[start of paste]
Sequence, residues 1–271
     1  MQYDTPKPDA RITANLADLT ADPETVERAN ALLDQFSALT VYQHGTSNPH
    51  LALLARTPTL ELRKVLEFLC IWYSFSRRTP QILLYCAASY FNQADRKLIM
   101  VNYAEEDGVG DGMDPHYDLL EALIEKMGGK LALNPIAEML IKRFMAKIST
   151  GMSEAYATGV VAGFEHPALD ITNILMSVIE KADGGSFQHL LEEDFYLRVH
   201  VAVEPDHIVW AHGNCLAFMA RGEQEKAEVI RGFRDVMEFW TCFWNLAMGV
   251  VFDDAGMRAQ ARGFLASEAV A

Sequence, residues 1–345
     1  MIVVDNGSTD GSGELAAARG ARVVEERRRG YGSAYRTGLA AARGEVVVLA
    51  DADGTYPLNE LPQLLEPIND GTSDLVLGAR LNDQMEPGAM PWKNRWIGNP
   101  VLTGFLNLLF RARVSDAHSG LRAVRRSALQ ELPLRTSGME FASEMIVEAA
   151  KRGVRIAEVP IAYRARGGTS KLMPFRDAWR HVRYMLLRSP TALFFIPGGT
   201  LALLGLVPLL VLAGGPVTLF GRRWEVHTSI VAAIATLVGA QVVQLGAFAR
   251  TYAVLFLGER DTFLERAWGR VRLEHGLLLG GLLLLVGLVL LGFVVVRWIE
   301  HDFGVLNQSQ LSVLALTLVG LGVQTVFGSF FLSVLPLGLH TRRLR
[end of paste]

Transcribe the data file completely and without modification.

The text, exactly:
Sequence, residues 1–271
     1  MQYDTPKPDA RITANLADLT ADPETVERAN ALLDQFSALT VYQHGTSNPH
    51  LALLARTPTL ELRKVLEFLC IWYSFSRRTP QILLYCAASY FNQADRKLIM
   101  VNYAEEDGVG DGMDPHYDLL EALIEKMGGK LALNPIAEML IKRFMAKIST
   151  GMSEAYATGV VAGFEHPALD ITNILMSVIE KADGGSFQHL LEEDFYLRVH
   201  VAVEPDHIVW AHGNCLAFMA RGEQEKAEVI RGFRDVMEFW TCFWNLAMGV
   251  VFDDAGMRAQ ARGFLASEAV A

Sequence, residues 1–345
     1  MIVVDNGSTD GSGELAAARG ARVVEERRRG YGSAYRTGLA AARGEVVVLA
    51  DADGTYPLNE LPQLLEPIND GTSDLVLGAR LNDQMEPGAM PWKNRWIGNP
   101  VLTGFLNLLF RARVSDAHSG LRAVRRSALQ ELPLRTSGME FASEMIVEAA
   151  KRGVRIAEVP IAYRARGGTS KLMPFRDAWR HVRYMLLRSP TALFFIPGGT
   201  LALLGLVPLL VLAGGPVTLF GRRWEVHTSI VAAIATLVGA QVVQLGAFAR
   251  TYAVLFLGER DTFLERAWGR VRLEHGLLLG GLLLLVGLVL LGFVVVRWIE
   301  HDFGVLNQSQ LSVLALTLVG LGVQTVFGSF FLSVLPLGLH TRRLR